mersenneforum.org Odd perfect related road blocks II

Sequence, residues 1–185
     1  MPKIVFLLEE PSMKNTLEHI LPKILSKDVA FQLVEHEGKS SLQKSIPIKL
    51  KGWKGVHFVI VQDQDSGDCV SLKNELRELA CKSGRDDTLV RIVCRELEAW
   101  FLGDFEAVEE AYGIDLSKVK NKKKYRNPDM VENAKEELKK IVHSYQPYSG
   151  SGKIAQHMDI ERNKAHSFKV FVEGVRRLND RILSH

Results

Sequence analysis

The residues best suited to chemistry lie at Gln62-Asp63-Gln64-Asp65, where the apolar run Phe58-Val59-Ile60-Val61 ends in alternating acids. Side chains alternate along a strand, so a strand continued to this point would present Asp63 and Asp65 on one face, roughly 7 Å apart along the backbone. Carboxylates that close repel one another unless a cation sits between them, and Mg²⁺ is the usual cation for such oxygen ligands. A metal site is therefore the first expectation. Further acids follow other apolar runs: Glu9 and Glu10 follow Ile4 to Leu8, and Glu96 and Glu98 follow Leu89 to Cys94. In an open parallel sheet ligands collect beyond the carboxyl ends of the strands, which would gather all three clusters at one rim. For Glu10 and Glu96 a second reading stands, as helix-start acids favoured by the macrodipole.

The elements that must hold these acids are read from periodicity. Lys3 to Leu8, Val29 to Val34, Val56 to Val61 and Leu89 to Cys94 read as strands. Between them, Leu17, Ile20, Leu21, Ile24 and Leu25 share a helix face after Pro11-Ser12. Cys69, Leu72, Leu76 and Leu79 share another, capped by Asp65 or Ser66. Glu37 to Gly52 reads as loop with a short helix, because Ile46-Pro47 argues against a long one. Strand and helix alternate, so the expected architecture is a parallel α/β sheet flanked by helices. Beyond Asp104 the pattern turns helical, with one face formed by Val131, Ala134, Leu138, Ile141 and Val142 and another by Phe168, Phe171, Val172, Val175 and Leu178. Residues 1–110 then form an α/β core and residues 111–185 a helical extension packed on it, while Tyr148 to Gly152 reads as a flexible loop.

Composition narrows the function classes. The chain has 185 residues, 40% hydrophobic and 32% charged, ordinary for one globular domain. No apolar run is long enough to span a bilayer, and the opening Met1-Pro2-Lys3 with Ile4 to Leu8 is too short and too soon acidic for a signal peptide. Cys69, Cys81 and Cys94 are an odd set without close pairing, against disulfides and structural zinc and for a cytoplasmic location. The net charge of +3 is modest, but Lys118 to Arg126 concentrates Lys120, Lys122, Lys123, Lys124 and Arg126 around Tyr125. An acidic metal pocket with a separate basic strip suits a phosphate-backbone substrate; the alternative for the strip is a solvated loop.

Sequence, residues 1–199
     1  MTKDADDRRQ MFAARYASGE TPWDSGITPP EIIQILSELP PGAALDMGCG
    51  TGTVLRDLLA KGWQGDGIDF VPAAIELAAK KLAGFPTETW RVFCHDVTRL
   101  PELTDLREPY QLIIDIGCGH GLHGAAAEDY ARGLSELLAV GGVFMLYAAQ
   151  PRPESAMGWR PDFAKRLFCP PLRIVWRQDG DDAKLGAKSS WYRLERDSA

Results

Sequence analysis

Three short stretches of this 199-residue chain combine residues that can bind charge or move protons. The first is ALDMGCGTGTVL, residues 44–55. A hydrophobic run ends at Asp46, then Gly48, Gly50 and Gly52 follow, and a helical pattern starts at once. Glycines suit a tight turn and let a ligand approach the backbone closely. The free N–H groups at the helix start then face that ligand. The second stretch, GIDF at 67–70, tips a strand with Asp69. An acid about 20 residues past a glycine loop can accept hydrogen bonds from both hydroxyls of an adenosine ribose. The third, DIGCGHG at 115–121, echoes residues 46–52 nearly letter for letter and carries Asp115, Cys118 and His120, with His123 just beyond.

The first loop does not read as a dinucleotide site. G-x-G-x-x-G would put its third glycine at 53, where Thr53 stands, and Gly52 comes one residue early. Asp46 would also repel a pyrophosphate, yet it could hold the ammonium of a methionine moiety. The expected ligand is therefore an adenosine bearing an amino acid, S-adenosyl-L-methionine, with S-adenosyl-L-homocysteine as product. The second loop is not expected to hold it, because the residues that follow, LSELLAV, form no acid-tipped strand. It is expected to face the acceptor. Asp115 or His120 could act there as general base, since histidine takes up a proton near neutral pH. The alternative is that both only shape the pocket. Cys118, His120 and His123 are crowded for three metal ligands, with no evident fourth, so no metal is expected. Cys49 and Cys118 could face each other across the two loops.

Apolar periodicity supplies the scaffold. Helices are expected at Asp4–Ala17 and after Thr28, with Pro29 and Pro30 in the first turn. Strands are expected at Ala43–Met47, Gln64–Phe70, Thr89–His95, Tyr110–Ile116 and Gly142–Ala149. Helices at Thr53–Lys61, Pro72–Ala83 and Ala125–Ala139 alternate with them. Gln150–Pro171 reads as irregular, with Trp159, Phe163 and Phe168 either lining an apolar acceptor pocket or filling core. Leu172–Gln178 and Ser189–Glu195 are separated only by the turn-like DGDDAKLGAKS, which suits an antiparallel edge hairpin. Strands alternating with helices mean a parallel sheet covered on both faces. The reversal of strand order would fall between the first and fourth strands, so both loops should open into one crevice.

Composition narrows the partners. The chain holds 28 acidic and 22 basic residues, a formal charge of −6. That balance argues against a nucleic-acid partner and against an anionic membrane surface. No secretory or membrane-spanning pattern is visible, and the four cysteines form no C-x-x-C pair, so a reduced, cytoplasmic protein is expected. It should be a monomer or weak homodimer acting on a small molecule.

Register FAQ Search Today's Posts Mark Forums Read  2009-05-04, 16:16 #1 jchein1   May 2005 748 Posts Odd perfect related road blocks II Alex, fivemack, ATH, Andi47, Andi HB & all other factoring specialists, Let M be a smallest product of odd primes such that square free of ( gcd ( f(x) ,g(x)) ) | M for all integer x > 1 , where f(x) and g(x) are two given relatively prime integral polynomials. For example, if f(x) = (x2 + x + 1)3 - 33 & g(x) = x6 + x3 + 1 = 0, then M = 3 * 19 * 163 if f(x) = ((x4 + x3 + x2 + x + 1)5 - 55 ) /(x4 + x3 + x2 + x + 1 - 5 ) & g(x) = x20 + x15 + x10 + x5 + 1, then M = 5 * 151 * 701 * 2551 * 24251 * 34651 * 144853351 * 659575601 * 1271785993801. By applying successive (my) extended Eculid algorithms, I have encountered if 1) f(x) = (x2 + x + 1)3 – 33 & g(x) = (x162 + x81 + 1)3 – 33 , then Code: M = a * 598644007623271861103907634394401713031280184082045961436816127153183697504366019739512180572430920157281903457051081235141165004401529332661832140639096711933077 (c162, 2900 curves done), 2) f(x) = ((x2 + x + 1)9 - 39 ) / ((x2 + x + 1)3 - 33 ) & g(x) = x162 + x81 + 1 then Code: M = b * 142255953422080949010042135770532701808988159571292214113059412169543088033374620681986196789531788565741609436257609136785819948534868895759387087438788760412860551 (c165, 2500 curves done ), where a and b are products of known primes, c162 and c165 are two critical roadblocks I am unable to complete by myself. Note that: these M‘s are part of my “pushing “ algorithms concerning several ongoing papers (first one is “On the divisibility of systems of cyclotomic polynomials of degrees 3 and 5”) . Alex may be familiar with c162 and c165 at certain degrees. I sincerely hope it will get completed this time, otherwise one of my lemmas will get killed. Can someone please kindly look into it or give a try before I finally give up. I also found c1.x + c0 = 0 (mod c162), where Code: c1 = 69267298939868734352823569242638987830151794956582757323663257304713979808535979493103174703607420534575191258096981359057081634837910521017237222985183216764829376 c0 = 90396638571991941300717867224156466586094273057103180468944748956569143785197229469169728666741827825163688170928805513389627480981342184801410418423802620496945754 c1.x + c0 = 0 (mod c165), where Code: c1 = 76753267437136028631737826218354419681592252499734800494051831532232913505065057592910545783967666343514329739056408237901354351164460723435804959401745218854773 c0 = 209851117037629231974563829915727038069629516190909815572098319849496046563710374917531353670135870468192288676994164729691076296875290909453103109496164911219198 Is this helpful? I am looking for one factor(only) from each of the following. Some of them may have posted before *, although these composites did not affect the proof, they caused me a lot of unnecessary work, please help and thank you in advance. 1) σ(59345478426821800746377014559617^4) = 3538361.c121 # 2) σ(99995282631947^10) = 23.c139 3) σ(62060021^18) = c141 * =2859153813495302135105360393 * 65219432427202213218611042380245134951516556220905814475152737256300473009279433432471898046319778085284772450023 (mklasson, ecm) 4) σ(347568611538691^10) = 23.617.683.692539.c133 5) σ(10177286401^12) =15731.c116 * 6) σ(6294091^22) = c150 * 7) σ(5229043^22) = 967.194443.c140 * 8) σ(846041103974872866961^6) =1709.c123 = 1709 . 5155723754893919994283900206097487201 . 41621437657162669816374890034224257842979191889517024692601717156897218627524115006963 (fivemack, ecm) 9) σ(934415109937^12) = 2549.c141 = 2549 . 2636398433195487889353395293207 . 65932167085234904931409415588486535060018564833464183835891750325639105962353333551790922471214875173575350927 (mklasson, ecm) 10) σ(P82^2) = 61.433.4651.156817.c150 *, where P82= 3404253904642598840161913302701587626837449819596812423232352 24442734524 2057474631 11) σ(797161^28) = 59.31727.c159 12) σ(172545754771028210096747645881^6) = 631.c173 13) σ(172827552198815888791^6) = 113.c120 = 113 . 3335162523320119257180081115662029635417481 . 70710259042622884083135682057512365547361929153437894550723481191426825243649 (fivemack, snfs) 14) σ(177635683940025046467781066894531^4) = 5.431.c126 * - most wanted & - Alex resolved half a dozen and wblipp got one last year. # - I completed at least several hundreds or even thousand curves per each composite a year ago but lost the record. Best regards Joseph Last fiddled with by fivemack on 2009-05-05 at 00:30   2009-05-04, 17:02 #2 akruppa   "Nancy" Aug 2002 Alexandria 2,467 Posts Joseph, I made some typographical changes to fix the exponents and to avoid horizontal scrolling. Can you please check that I didn't introduce any errors? Alex   2009-05-04, 17:08   #3